Regardless of the political and cultural climate, movies and shows about the CIA usually don’t age well, especially when it’s not critical of the organization and focuses on glorifying its agents. The first season of “Jack Ryan” seemed like a change in the right direction because it showed how the titular character had been treated healthwise, both mentally and physically. Even though it wasn’t stated explicitly, the visual storytelling was good enough to illustrate the point about how thankless this job is. The second season kind of continued this trend and was only elevated by John Krasinski’s vulnerable performance. The problems were still there, but they were kind of eclipsed by the cast and the writing around them. In Season 3, the showrunners seem to be very inspired by Roger Moore’s era of James Bond and Daniel Craig’s “Spectre,” where the hero is so infallible, and the villains are so caricaturish that you can’t take anything seriously or fully laugh at it.
The episodes of “Jack Ryan” Season 3 have been directed by Jann Turner, Kevin Dowling, and David Petrarca, with the writing handled by Carlton Cuse, Aditi Brenna Kapil, Amy Berg, Dario Scardapane, Vaun Wilmott, Marc Halse, and Jennifer Kennedy. The story follows Ryan as he stumbles upon a secret plan to restore the Soviet Empire after its downfall in the late ’80s and early ’90s called the Sokol Project. Assuming that it’s a physical piece of information, Ryan assembles a team to extract it and finds himself rescuing a Russian insider seeking asylum because he knows way too much about the aforementioned mission. Like any classic Jack Ryan story, the insider gets killed, and Ryan goes on the run with the Russian forces and even the CIA on his tail. To make things worse, global politics also take an ugly turn when Czech President Alena Kovac (Nina Hoss) attends a diplomatic meeting with Russian Defense Minister Dmitry Popov (Michael Gor), and the latter gets assassinated right in front of her.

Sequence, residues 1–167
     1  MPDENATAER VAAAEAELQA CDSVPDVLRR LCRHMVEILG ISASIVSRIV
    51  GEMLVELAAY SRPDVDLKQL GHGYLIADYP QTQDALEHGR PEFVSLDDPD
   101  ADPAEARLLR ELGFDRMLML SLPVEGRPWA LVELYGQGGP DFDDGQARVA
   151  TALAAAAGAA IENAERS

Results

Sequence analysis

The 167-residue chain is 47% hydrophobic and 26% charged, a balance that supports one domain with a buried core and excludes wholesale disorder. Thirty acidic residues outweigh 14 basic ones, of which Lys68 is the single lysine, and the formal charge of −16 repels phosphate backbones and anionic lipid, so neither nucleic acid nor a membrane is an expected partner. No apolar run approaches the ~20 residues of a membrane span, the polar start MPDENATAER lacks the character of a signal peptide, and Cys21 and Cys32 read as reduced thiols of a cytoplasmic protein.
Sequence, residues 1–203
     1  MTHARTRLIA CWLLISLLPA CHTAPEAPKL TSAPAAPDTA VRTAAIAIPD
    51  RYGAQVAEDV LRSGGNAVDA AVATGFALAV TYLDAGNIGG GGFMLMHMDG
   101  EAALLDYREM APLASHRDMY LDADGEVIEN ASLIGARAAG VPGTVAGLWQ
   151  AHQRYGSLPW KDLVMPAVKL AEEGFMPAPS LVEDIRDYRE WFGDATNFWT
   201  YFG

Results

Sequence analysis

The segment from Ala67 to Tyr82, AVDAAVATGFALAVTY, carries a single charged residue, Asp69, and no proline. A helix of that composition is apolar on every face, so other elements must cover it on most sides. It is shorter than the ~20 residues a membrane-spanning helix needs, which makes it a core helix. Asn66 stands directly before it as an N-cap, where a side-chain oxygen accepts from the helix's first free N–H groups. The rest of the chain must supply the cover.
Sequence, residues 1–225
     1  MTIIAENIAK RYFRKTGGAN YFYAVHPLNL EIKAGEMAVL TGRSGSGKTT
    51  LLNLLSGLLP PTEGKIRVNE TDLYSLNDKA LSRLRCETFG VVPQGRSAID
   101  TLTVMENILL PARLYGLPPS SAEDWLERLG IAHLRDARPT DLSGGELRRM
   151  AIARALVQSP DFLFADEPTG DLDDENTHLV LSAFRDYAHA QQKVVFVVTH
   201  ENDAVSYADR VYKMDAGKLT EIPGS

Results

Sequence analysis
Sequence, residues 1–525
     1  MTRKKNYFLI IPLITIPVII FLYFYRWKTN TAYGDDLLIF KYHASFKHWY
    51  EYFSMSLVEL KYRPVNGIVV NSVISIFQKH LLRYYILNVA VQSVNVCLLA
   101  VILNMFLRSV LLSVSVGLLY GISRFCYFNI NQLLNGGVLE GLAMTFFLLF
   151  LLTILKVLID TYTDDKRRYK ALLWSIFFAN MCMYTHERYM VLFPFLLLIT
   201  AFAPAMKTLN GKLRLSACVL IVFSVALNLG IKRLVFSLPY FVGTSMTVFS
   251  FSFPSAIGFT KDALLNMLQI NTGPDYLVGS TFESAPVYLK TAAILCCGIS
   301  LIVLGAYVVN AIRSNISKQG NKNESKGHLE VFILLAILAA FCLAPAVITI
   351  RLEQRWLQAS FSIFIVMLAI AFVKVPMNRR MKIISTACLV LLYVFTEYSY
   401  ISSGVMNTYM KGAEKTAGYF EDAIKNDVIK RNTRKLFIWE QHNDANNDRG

The biggest issue with “Jack Ryan” Season 3’s writing is that it turns Jack Ryan into an action figure. Yes, he bleeds a little and gets scratched here and there. But that’s about it. The reason this feels so jarring is that his injury is an integral part of his character. Heck, it’s so integral that it shows up in the opening credits as the x-ray of his spinal cord. How can you simply write it out of his character design? Yes, most modern action-heavy characters like Ethan Hunt or John Wick suffer deadly injuries and get back up. However, even their recovery time has started to increase to match the character’s and the actor’s ages. Not doing the same with Ryan somehow makes him feel less human and, hence, unrelatable. The show’s writing issues extend to its political themes and dialogue writing. Everything around the Sokol Project isn’t substantial enough to invoke tension over the course of 8 episodes. So, after a point, the twists and turns begin to feel unnecessary. And when said twists are revealed via very stiff expository dialogue, the viewing experience becomes a slog.